When the European Union's General Data Protection Regulation (GDPR) was finally implemented for most businesses, solution providers felt they could breathe a sigh of relief. However, GDPR is proving to be only the beginning of more regulations that can impact businesses worldwide and solution providers should not rest on their laurels, since there will be much more regulatory work to be done. Those new forthcoming regulations could prove to be a boon for solution providers ready to help businesses comply, or a potential nightmare for those solution providers not thinking far enough ahead.
While GDPR initially only impacted businesses that did any type of electronic commerce with citizens of the EU, many other nations and states saw the potential benefits offered by the EU style of electronic privacy. Take for example the state of California, which is in the midst of creating GDPR-like regulation in the form of the California Consumer Privacy Act, which will potentially impact any organization that does e-commerce in that state.
California is not alone. States including Alabama, Colorado, Iowa, Louisiana, Nebraska, Oregon, South Carolina. South Dakota, and Vermont are all pursuing new legislation that will impact privacy rules. The appeal of GDPR-like legislation extends beyond US territories, and nations such as Brazil, Canada, and Japan are seeking to strengthen their electronic privacy laws as well.
Yet, while those potential regulatory changes are sure to come in the not too distant future, there are more immediate changes on the horizon that will impact any organization conducting business with EU citizens and organizations. This includes the forthcoming EU Payment Services Directive 2015/2366, which, when it comes into effect in June, will require banking and financial services companies doing business in the EU to use Qualified website certificates for stronger identity assurance.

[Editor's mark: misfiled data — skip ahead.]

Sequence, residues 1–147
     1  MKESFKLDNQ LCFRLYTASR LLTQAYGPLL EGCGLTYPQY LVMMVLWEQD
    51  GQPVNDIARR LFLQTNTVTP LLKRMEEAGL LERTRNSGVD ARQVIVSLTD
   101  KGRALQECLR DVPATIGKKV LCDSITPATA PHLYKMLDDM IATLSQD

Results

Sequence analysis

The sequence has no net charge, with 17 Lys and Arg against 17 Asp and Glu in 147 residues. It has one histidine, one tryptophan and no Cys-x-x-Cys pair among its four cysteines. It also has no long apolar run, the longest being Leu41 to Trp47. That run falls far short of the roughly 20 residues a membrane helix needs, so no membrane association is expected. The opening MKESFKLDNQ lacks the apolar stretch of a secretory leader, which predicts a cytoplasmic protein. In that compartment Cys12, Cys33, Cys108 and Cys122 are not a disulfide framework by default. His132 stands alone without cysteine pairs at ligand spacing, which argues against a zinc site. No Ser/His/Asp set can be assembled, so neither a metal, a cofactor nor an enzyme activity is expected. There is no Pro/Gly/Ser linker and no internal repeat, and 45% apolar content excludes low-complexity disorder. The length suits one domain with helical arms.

Akin to GDPR, the new directives will impact businesses located outside the EU, if those businesses interact with EU citizens. Of course, that means solution providers will need to be prepared to help their clients meet that legislation.
However, the implementation processes may prove to be a bit easier than GDPR was. Much of the groundwork has been already laid out by the EU's Digital Single Market Policy, which establishes trust services and electronic identification, often referred to as eIDAS. The directive's goal is to provide a predictable regulatory environment to enable secure and seamless electronic interactions between businesses, citizens and public authorities.
That roughly translates into making changes to how secure transactions are processed, culminating in some new public key infrastructure (PKI) requirements, along with related changes to the procedures around creating, managing, distributing, storing and revoking digital certificates. So what does all this mean to solution providers?
It will all come down to garnering an understanding of how organizations will conduct business in the EU, and then determine if those organizations will need to deploy new certificates and PKI methodologies. However, for businesses located outside the EU, gaining access to those new PKI technologies may prove to be a challenge. Simply put, solution providers will need to partner with a certificate authority that is a qualified trust service provider (TSP).
Currently, there are only a few certificate authorities that can provide Qualified certificates. One of the most notable of those providers is QuoVadis, an organization that offers qualified certificates for website authentication (QWAC), qualified personal certificates, qualified electronic time stamps and qualified electronic signatures and seals, including software and cloud signing options.
For solution providers located outside the EU, gaining access to eIDAS-approved technology proved to be somewhat difficult, forcing those solution providers to deal with certificate authorities located within the EU. However, US-based DigiCert recently acquired QuoVadis, providing a solution to what may have become a complex problem come June of 2019.
With the acquisition, QuoVadis Qualified digital certificates will be backed by DigiCert and the company will incorporate Qualified TLS certificates management, along with QuoVadis PrimoSign and other signing platforms into its bandolier of services. That allows Digicert to offer data integrity management for electronic records, as well as other digital signature technologies as required by the EU, and potentially other governments and organizations.
There is no denying that eIDAS is coming and businesses will need to be prepared. However, if the success of GDPR is repeated with eIDAS, other countries will be sure to take a long, hard look at the new PKI spawned by eIDAS and potentially revamp or adopt their own certificate requirements.
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